sprinkletown writes "A team of seismologists at the US Geological Survey has found that Twitter is the fastest way to get information out of an earthquake area, especially in those less densely populated. Seeing the Twitter community as an untapped resource, the USGS has developed a new way to track earthquakes by clustering quake-centric tweets."
hweimer writes "Yesterday at RSA security conference, F-Secure's chief research officer recommended dropping Adobe Reader for viewing PDF files because of the huge amount of targeted attacks against it. Instead, he pointed to PDFreaders.org, a website maintaining a list of free and open source PDF viewers."
The people of Rhodes will once again be able to gaze upon one of the world's seven ancient wonders with the help of East German artist Gert Hof, and international funding. Like the original, the new Colossus will adorn an outer pier in the harbor area of Rhodes, and be visible to passing ships. Unlike the original Colossus, this one will be made of light. "We are talking about a highly, highly innovative light sculpture, one that will stand between 60 and 100 meters tall so that people can physically enter it," said Dr Dimitris Koutoulas, who is heading the project in Greece. "Although we are still at the drawing board stage, Gert Hof's plan is to make it the world's largest light installation, a structure that has never before been seen in any place of the world."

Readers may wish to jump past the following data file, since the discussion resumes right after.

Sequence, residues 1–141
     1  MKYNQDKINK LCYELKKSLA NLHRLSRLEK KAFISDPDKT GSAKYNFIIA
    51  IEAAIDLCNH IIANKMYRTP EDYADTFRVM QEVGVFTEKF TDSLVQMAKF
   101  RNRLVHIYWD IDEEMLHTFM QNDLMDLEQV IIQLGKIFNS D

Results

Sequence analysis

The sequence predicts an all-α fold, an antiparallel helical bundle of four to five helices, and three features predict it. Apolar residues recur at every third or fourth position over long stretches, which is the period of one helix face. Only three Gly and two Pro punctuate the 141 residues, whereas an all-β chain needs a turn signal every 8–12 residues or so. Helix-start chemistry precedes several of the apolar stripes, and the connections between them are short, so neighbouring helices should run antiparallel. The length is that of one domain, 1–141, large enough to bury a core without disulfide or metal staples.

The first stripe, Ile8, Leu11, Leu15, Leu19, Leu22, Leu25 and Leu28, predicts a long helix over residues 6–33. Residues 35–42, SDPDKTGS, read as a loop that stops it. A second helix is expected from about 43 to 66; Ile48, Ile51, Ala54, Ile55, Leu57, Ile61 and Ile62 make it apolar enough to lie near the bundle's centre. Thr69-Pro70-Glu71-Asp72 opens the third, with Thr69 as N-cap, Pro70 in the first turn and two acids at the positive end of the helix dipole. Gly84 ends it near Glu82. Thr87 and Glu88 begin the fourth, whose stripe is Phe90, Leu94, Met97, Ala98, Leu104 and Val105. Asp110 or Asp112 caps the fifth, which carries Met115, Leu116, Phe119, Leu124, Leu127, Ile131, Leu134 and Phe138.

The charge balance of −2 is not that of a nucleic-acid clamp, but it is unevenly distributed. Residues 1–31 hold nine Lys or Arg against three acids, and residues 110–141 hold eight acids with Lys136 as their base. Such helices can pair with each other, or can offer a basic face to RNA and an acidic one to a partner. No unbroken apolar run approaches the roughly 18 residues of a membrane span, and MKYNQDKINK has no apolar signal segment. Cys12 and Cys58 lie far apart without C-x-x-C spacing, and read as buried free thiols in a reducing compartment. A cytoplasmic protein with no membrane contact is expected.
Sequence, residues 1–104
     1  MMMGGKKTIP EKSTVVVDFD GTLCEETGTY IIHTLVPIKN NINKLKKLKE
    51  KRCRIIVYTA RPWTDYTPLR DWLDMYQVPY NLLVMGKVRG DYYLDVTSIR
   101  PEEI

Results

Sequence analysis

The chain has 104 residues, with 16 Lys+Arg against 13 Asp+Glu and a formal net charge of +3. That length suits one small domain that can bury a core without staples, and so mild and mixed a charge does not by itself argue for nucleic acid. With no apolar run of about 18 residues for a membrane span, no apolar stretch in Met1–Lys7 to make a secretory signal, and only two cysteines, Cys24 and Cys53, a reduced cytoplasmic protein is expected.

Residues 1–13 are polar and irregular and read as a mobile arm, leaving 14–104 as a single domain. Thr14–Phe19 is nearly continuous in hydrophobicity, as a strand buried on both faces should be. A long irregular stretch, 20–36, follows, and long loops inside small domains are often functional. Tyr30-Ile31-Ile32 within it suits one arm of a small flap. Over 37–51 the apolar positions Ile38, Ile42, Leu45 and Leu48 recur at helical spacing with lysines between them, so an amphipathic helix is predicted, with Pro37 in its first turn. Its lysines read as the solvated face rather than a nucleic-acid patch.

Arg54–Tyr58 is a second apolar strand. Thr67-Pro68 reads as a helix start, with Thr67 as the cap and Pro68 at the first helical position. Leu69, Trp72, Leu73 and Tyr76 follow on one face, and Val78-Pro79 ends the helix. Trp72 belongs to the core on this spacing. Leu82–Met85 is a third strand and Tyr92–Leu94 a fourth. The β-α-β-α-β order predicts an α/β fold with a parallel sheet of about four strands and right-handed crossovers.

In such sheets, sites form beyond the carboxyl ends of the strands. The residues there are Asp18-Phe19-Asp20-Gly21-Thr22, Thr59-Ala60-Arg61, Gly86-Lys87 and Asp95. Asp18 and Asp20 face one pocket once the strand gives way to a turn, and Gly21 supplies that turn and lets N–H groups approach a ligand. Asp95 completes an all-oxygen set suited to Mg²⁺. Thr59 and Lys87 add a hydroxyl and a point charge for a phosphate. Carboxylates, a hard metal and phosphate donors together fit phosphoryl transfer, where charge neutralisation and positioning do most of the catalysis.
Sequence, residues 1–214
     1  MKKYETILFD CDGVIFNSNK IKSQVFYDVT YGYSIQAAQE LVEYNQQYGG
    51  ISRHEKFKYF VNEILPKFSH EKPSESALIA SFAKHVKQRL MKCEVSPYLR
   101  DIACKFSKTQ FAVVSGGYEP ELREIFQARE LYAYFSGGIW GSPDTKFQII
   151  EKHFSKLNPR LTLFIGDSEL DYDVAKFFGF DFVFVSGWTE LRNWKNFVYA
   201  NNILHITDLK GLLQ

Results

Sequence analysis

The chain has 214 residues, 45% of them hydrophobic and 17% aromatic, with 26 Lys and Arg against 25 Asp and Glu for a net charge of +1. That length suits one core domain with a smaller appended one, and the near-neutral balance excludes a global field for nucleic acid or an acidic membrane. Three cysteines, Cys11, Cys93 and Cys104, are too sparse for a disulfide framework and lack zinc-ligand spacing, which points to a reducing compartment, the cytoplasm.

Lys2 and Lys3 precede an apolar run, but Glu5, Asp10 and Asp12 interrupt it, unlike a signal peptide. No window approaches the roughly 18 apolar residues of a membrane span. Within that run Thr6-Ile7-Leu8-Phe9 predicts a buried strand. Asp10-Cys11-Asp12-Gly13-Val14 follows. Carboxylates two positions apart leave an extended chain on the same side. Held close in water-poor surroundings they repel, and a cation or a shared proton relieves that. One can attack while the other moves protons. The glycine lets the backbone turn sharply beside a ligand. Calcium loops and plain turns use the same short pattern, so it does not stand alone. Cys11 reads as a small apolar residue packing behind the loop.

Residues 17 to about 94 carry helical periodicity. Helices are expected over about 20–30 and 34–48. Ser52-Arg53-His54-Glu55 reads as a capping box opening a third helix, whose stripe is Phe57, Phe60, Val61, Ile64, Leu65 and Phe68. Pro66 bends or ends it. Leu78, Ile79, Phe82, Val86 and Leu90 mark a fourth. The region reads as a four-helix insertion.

Creativity is least likely to strike in the afternoon, according to a survey that suggests office workers have little chance of solving problems after lunch. A poll of 1,426 people showed that a quarter of us stay up late when seeking inspiration. Taking a shower or just sitting in the bathroom proved to be a popular way of getting the creative juices flowing. The survey found that 10:04pm was the most creative time, while 4:33pm was the least. I'll think of something funny to write here later.
Ernest Hemingway's micro-story, "For sale: baby shoes, never worn," is one of my favorite examples of how less is sometimes more. Sometimes a few sentences say it all; you don't always need a hundred pages to convey an idea. Most of the mail I get is brief and to the point. Others are just brief. To be honest, I appreciate the short, crazy email more than the long rants, and they can be just as funny. Read below for this week's mail snippets.
mir42 writes "The OpenSource multimedia authorware project Sophie, formerly hosted by USC Los Angeles, may just have been killed by new funding. The original funding organization, Mellon Foundation, approved a grant to redevelop the four year project from scratch in Java. The grant was awarded to a Bulgarian company based on their proposal, which is simply an exact description, including the UI and the artwork, of the current Sophie. Being an OpenSource project, this isn't strictly illegal, but let's say, not nice and definitely not innovative, coming from a former sub-sub-contractor on the project. Some of the original, now laid-off developers started OpenSophie.org trying to salvage the project. As the current version is still somewhat buggy and slow, it might just be enough to alienate all potential users of Sophie to the point that nobody will even try to use the next version. Have others faced similar situations? How would you deal with a situation like this?"